Overview of Esomeprazole (NexIUM®) for Canines and Felines
- Esomeprazole, commonly known by the brand name Nexium®, is used in the treatment and prevention of stomach (gastric) and intestinal ulcers in dogs and cats. This is a commonly used human medication but there are few studies about its use in veterinary medicine.
- Other drugs in this class are more commonly used such as Omeprazole (Prilosec®). To avoid mistakes or confusion, please note the similarity between the names of these two different drugs – Omeprazole and ESometrazole.
- Esomeprazole is one of the newest drugs used in the treatment of ulcers and heartburn (acid reflux from the stomach) belonging to a class of drugs called proton pump inhibitors. Esomeprazole is such a drug and has been used for the treatment and prevention of stomach ulcers.
- Esomeprazole inhibits the movement of hydrogen ions which are constituents of hydrochloric stomach acid. Through this effect, esomeprazole blocks acid secretion in the stomach that creates a more favorable stomach pH to allow ulcers to heal.
- The duration of effect for esomeprazole is 24 hours.
- Esomeprazole is available without a prescription in low does oral forms. It is recommended that you not administer any medication unless under the supervision and guidance of a veterinarian.
- This drug is not approved for use in animals by the Food and Drug Administration but it is prescribed legally by veterinarians as an extra-label drug.
Brand Names and Other Names of Esomeprazole
- This drug is registered for use in humans only.
- Human formulations:
- Esomeprazole Magnesium Oral Delayed-Release Capsules
- Magnesium Powder for Oral Delayed-Release Suspension NexIUM®
- Esomeprazole Sodium for Injection
- Veterinary formulations: None
Uses of Esomeprazole for Dogs and Cats
- Esomeprazole can be used in the treatment and prevention of stomach (gastric) and intestinal ulcers.
- Esomeprazole promotes ulcer healing in animals with ulcers or erosions (shallow depressions in the stomach lining).
- Esomeprazole may be useful in the treatment of ulcers caused by ulcerogenic drugs such steroids (such as prednisone or dexamethasone) or non-steroidal anti-inflammatory drugs (commonly abbreviated as NSAID which includes aspirin, carprofen (Rimadyl), meloxicam, deracoxib (Deramaxx) and many more.
- Another use of Esomeprazole is for the management of acid reflux disease. Esomeprazole reduces injury to the esophagus (food tube) caused by the movement of stomach acid from the stomach into the esophagus.
Precautions and Side Effects
- While generally safe and effective when prescribed by a veterinarian, Esomeprazole can cause side effects in some animals.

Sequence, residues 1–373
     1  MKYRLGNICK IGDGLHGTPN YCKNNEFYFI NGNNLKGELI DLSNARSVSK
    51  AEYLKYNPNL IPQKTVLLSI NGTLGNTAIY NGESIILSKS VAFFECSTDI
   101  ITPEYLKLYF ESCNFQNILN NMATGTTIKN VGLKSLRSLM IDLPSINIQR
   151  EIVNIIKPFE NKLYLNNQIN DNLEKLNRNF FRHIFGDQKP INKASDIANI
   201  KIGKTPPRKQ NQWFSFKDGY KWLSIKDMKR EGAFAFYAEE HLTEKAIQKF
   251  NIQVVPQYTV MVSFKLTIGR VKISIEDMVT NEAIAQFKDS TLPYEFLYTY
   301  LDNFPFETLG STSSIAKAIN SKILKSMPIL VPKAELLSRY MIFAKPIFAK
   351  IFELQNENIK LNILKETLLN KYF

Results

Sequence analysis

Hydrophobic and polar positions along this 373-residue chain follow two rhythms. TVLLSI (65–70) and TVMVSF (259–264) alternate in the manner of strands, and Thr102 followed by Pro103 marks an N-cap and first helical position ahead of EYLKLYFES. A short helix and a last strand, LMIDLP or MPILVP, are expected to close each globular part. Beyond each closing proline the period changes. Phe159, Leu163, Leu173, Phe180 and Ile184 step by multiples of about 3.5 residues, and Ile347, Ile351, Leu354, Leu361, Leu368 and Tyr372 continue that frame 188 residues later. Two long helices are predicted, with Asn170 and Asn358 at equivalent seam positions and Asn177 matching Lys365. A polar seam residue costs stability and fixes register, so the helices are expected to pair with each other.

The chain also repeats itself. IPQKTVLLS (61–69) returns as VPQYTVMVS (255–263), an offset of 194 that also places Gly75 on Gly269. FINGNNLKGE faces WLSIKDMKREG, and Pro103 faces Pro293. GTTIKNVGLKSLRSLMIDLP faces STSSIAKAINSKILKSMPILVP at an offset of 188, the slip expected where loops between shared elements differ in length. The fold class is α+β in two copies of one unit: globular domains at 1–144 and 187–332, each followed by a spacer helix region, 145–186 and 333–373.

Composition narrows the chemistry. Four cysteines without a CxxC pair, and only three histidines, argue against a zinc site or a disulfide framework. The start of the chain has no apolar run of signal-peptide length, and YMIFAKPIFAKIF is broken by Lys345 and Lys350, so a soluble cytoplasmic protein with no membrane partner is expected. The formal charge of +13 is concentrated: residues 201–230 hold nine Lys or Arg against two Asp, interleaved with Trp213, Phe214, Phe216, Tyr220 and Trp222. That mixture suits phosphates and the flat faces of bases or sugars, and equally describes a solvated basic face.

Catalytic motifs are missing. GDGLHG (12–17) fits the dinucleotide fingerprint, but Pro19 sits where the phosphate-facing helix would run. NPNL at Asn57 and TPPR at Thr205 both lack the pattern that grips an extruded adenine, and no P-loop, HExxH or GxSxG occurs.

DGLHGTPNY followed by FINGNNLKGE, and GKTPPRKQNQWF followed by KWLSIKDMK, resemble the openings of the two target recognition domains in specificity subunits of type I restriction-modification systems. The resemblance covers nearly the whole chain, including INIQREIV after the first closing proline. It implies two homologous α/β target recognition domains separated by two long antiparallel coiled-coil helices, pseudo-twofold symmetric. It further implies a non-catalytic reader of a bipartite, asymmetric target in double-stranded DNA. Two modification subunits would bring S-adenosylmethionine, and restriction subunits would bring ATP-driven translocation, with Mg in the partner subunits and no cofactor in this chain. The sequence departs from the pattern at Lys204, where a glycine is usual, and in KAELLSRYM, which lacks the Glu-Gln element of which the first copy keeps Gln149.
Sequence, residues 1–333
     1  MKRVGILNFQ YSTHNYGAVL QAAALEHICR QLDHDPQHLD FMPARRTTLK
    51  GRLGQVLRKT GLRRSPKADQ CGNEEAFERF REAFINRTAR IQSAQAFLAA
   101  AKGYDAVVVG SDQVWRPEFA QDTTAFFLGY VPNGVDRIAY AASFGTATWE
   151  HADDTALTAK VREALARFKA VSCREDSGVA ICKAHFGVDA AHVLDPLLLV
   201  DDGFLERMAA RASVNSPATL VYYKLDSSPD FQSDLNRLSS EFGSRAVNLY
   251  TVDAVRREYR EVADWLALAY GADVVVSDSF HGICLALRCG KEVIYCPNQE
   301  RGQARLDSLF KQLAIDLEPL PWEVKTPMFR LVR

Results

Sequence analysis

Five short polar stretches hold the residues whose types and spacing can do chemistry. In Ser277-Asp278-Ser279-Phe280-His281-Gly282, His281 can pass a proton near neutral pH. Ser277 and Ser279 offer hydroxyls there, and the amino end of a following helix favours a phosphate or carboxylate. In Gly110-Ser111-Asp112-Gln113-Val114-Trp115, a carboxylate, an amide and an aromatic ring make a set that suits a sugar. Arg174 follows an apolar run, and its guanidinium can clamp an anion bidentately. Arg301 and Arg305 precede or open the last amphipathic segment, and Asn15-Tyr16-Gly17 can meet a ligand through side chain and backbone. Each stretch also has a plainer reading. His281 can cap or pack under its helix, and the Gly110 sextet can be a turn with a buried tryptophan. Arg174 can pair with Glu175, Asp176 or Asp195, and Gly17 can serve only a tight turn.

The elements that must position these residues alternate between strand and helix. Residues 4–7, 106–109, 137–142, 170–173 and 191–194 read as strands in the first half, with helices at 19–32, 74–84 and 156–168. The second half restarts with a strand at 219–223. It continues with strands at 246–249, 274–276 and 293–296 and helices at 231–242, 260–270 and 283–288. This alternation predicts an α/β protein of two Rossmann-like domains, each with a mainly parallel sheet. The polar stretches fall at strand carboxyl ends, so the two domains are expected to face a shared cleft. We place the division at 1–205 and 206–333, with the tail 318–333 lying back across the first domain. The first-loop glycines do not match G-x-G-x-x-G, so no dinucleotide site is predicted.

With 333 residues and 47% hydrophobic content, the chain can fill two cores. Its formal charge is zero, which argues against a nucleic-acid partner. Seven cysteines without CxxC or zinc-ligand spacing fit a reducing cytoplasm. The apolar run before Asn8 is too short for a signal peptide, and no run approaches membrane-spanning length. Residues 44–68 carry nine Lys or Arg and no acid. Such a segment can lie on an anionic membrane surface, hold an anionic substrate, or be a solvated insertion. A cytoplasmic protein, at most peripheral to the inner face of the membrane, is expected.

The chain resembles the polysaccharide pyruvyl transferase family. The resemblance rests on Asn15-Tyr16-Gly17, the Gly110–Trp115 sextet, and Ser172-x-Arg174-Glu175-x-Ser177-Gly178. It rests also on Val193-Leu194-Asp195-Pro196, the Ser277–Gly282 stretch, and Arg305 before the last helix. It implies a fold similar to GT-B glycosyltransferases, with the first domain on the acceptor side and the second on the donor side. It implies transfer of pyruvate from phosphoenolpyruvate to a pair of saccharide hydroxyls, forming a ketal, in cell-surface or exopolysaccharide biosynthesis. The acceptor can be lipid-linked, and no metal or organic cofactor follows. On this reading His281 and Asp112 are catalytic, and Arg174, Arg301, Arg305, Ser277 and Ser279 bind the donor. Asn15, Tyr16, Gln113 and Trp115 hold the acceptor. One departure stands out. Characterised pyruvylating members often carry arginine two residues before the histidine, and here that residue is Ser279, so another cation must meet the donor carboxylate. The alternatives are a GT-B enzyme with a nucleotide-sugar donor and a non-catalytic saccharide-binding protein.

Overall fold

- Esomeprazole should not be used in animals with known hypersensitivity or allergy to the drug.
- Esomeprazole should be used with caution in animals with liver disease. Lower doses may be used in pets with severe liver disease.
- Esomeprazole may interact with other medications. Consult with your veterinarian to determine if other drugs your pet is receiving could interact with esomeprazole. Such drugs include diazepam, cyclosporine, digoxin, rifampin, ketoconazole, itraconazole, clarithromycin, sucralfate, warfarin, diuretics, oral iron, mycophenolate, methotrexate, and ampicillin.
- Esomeprazole has not been approved for use in breeding, nursing, or lactating dogs.
- Adverse reactions to esomeprazole are uncommon as long as recommended doses are administered. Occasionally, some animals develop nausea, vomiting, flatulence, anorexia, diarrhea, urinary tract infections and/or central nervous system disturbances.
- Here is some information about if your dog accidentally eats Nexium and you are worried about potential overdose.
How Esomeprazole Is Supplied
- Esomeprazole Magnesium is supplied as Oral Delayed-Release Capsules in sizes of 20 mg and 40 mg.
- Esomeprazole Magnesium Powder for Oral Delayed-Release Suspension in 2.5, 5, 10, 20, and 40 mg packets.
- Esomeprazole Sodium is available for Injection: 20 & 40 mg.
Dosing Information of Esomeprazole for Dogs and Cats
- Medication should never be administered without first consulting your veterinarian.
- Oral doses should be given on an empty stomach or at least one hour before eating.
- The dose of oral Esomeprazole administered to dogs and cats is 0.25 to 0.75 mg per pound (0.5 to 1.5 mg/kg) every 24 hours or once daily.
- The duration of administration depends on the condition being treated, response to the medication and the development of any adverse effects. Be certain to complete the prescription unless specifically directed by your veterinarian. Even if your pet feels better, the entire treatment plan should be completed to prevent relapse or prevent the development of resistance.
References and Resources
- ASPCA Pet Poison Hotline
- Current Veterinary Therapy XV, Bonagura and Twedt
- Pet Poison Helpline
- Plumb’s Veterinary Handbook by Donald C. Plumb, 8th Edition
- Textbook of Veterinary Internal Medicine, Ettinger & Felman
- Videla, R., et al.. Effects of Intravenously Administered Esomeprazole Sodium on Gastric Juice pH in Adult Female Horses. Journal of Veterinary Internal Medicine. 2011.
- Zacuto, A. C., et al. The Influence of Esomeprazole and Cisapride on Gastroesophageal Reflux During Anesthesia in Dogs. Journal of Veterinary Internal Medicine. 2012.